2. Perspective shooting being misleading ~ I have to give a shout out to Kelvin for his answer. There are aerial shots all over the web through GIS mapping. They are not always clear and are usually from 18 months to 4 years old. My aerial shots give a unique updated perspective of not only the home but the area surrounding it. How often do you see the top of the roof of a home? I can tell you the inspector will prior to the sale. What I think is misleading is some HDR shots that look like oil paintings. The grain in the kitchen cabinets and flooring look like they will eat your leg. I also think that using a 10mm lens is deceiving when it comes to room sizes. Much of what I see of HDR belongs more in the artistic abstract section than real life photography. Just my humble opinion.

    3. I am, plain and simple a marketer of homes. I sell nothing. Nobody has ever liked me enough to buy a home they did not care for because I am a good guy. People look at any and all kinds of homes before they choose one. The photos are meant to describe the home in a way that entices the buyers to preview it and maybe want to see it. Their preview of the photos helps in other ways as well. One of them is social media and SEO. Better photos bring people to web sites. This enhances my ability to better represent all customers.

    4. The truck ~ Do I need it…NO! Do I love it…YES! It is a billboard and has been featured in media from coast to coast. It also gets me the perspective i desire. The one thing that nobody mentioned is that it serves as a place for all me real estate signs and other marketing equipment. I am always prepared to completely list a home when I have the truck. I even have a lithium ion powered chainsaw in it. This is to cut down branches and other undesired vegetation that may be in the way of a great aerial shot. bet you didn’t think of that one:)

    As for cost..Believe it or not, it cost more to buy a new Canon 600mm IS lens than the truck cost me to purchase! It was more to wrap it in vinyl and modify it. Total expense was around $50K. Gas costs about $135.00 per month.

    So there you have it. I thank you all for your engagement and hope that what I do inspires you in ways you may have never considered. Always keep an open mind.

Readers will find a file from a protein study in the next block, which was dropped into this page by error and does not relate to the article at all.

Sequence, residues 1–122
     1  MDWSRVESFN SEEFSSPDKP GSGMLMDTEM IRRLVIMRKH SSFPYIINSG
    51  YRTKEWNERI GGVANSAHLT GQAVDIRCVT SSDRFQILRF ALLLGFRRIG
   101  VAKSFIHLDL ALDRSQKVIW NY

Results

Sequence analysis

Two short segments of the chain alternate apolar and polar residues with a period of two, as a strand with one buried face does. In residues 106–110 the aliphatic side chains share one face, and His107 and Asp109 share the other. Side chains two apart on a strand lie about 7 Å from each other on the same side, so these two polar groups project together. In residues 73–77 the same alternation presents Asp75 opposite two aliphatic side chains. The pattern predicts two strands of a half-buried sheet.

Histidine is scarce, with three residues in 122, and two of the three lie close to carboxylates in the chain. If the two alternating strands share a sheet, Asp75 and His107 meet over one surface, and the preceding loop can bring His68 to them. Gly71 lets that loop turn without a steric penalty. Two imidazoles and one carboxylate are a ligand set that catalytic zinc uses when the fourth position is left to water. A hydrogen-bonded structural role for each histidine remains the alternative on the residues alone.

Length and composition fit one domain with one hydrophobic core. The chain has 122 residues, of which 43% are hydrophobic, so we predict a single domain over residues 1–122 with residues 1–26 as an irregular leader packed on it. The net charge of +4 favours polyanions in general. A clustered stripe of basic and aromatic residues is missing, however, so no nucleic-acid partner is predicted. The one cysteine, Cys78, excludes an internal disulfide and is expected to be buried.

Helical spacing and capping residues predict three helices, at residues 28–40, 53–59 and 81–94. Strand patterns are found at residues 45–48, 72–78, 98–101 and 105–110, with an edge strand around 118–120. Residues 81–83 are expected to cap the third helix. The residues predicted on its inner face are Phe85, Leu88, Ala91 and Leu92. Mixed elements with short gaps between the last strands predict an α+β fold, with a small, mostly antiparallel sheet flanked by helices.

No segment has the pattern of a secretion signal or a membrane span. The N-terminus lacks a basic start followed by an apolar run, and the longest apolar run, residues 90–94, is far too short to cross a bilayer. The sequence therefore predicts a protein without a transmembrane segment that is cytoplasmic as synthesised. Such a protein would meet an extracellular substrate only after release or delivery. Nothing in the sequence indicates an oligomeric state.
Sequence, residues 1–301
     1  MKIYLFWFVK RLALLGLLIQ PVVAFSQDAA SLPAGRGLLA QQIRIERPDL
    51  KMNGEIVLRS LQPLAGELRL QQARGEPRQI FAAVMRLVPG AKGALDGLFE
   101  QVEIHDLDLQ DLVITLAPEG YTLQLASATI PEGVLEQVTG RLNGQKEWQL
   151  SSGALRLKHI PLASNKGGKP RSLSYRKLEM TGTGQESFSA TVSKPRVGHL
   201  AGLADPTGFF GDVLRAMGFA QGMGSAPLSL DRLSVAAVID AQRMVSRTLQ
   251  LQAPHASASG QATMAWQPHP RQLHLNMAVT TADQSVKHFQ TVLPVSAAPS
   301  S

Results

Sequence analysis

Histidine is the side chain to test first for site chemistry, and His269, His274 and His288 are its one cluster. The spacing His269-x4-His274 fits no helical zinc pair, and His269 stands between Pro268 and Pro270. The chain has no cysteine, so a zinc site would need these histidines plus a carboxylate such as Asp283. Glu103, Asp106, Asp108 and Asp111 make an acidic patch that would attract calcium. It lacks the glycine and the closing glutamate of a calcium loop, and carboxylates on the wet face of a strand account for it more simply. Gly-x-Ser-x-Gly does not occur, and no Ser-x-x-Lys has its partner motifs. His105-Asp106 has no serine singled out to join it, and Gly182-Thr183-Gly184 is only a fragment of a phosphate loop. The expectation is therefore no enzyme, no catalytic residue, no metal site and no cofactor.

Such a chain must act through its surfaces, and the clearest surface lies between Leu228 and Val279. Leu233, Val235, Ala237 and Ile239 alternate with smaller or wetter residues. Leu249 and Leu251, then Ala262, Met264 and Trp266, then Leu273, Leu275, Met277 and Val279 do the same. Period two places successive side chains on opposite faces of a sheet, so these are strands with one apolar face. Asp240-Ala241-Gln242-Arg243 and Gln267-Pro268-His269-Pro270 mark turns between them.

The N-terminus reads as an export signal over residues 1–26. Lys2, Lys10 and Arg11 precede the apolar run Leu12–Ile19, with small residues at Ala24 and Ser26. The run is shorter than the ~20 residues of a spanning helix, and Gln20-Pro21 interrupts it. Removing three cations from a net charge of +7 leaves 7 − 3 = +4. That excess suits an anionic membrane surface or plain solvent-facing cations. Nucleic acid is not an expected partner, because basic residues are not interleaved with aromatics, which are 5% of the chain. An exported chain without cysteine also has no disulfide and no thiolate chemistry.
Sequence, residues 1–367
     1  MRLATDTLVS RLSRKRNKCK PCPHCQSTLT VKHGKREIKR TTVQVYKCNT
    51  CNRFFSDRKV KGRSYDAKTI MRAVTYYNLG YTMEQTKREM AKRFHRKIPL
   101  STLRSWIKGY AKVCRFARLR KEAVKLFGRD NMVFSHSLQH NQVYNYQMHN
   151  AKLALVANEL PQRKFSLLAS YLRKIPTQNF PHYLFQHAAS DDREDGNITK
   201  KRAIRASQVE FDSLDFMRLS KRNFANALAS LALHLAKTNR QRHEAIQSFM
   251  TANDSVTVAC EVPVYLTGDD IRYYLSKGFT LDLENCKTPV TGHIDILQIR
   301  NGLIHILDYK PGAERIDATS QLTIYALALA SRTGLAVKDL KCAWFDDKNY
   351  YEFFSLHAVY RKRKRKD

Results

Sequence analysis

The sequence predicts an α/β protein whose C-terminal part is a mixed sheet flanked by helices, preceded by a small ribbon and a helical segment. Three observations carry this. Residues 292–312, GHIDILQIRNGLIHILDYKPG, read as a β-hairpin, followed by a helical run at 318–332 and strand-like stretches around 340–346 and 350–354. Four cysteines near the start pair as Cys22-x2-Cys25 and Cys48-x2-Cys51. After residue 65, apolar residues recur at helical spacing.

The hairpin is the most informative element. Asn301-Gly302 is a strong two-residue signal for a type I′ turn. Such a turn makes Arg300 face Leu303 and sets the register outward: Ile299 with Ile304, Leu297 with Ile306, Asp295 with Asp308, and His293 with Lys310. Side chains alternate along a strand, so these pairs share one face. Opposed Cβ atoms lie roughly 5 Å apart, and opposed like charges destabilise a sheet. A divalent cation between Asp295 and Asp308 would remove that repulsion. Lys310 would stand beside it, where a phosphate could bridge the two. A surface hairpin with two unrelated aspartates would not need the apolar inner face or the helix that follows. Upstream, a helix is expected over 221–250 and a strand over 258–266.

Thank you,
    Jeffrey C. Hogue

  • The way I see it, my clients don’t hire me to take a technically perfect set of images. They hire me to take a set of marketing images.

    There is a difference. Good work Jeffrey.

  • @ Jeffrey Hogue heh heh thanks for the shout out. I have to disagree about the 10mm POV being fake though, and here’s why. I was reading your reply in my very tiny bathroom, which is 5’x8′. From a ‘seated position’, at the far end of that small room, and affixed my gaze as if I was a 10mm lens pointed back into the room. My peripheral vision as I observed it was roughly 160degrees, so I was in fact, able to see from the end of the shower right in front of me to my right, to the sink beside me to my far left. And… from the same position, my brain/eye combo enabled me to zoom in on the details of a piece of shower curtain lace the size of a nickle, at the exclusion of everything else around me. Same position, same eyes, different objective, different perception. We are capable of seeing it both ways, and a myriad of ways in between.

    Sitting here at my desk, I have the same 160degree peripheral vision, and while I can’t focus exactly on a pen tablet to my right in the extreme lower left corner of my field of vision, if I dart my eyes back and forth from it being in the peripheral to the middle, it not only changes in apparent size, it appears to have that same freaky distortion we get from wide lenses at close range on the outside edge.

    I’d be tempted to argue then, that a 10mm lens on a 1.5 crop is exactly what our eyes see, but is incapable of zooming in like our perception is. In that sense, any focal length could be a replication of what our visual perception is capable of.

  • The first post Larry did about this bucket truck made me want one the minute I saw it. So I set out to find one and eventually I did. I learned quite a bit during the purchase process and felt somewhat comfortable about the decision to buy, but at the last minute I decided against it. Here is why, and maybe some words of caution to anyone else thinking about buying a bucket truck/van just for photography.